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Mechanisms of antioxidant interactions in oil-in water emulsions: The influence of their physical locations and environmental pH

Panya A., Kittipongpittaya K., Laguerre M., Bayrasy C., Lecomte J., Villeneuve P., McClements D.J., Decker E.A.. 2013. Inform, 24 (8) : p. 538-541.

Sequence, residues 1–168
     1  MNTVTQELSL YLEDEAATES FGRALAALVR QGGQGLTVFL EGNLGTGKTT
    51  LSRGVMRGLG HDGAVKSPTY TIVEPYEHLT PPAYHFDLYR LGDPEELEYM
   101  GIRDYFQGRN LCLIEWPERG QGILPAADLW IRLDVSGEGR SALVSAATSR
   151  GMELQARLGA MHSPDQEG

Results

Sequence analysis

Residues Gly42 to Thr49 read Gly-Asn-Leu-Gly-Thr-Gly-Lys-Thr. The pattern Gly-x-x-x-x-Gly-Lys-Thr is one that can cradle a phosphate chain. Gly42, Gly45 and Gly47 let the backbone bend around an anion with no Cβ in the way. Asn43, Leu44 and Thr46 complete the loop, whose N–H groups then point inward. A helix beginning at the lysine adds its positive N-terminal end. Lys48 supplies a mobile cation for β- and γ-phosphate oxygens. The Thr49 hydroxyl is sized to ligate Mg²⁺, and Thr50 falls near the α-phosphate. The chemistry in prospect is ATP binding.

A classic example of synergistic antioxidant interactions can be observed between [alpha]-tocopherol (vitamin E) and ascorbic acid (vitamin C) in cell membranes. This synergism is due to "antioxidant regeneration" via the recycling of a stronger (primary) antioxidant with a weaker (secondary) antioxidant. By this principle, the primary antioxidant ([alpha]-tocopherol) scavenges free radicals in the lipid phase and is then regenerated by the secondary antioxidant (ascorbic acid). From a thermodynamic point of view, the reaction is favorable because the reduction potential of ascorbic add is much lower than a-tocopherol, indicating that ascorbic acid prefers to give an electron to oxidized [alpha]-tocopherol. From a physical property viewpoint, this reaction is also favorable because a-tocopherol is in the membrane where it can inactivate lipid radicals and yet is also at the membrane interface where it can react with ascorbic acid.

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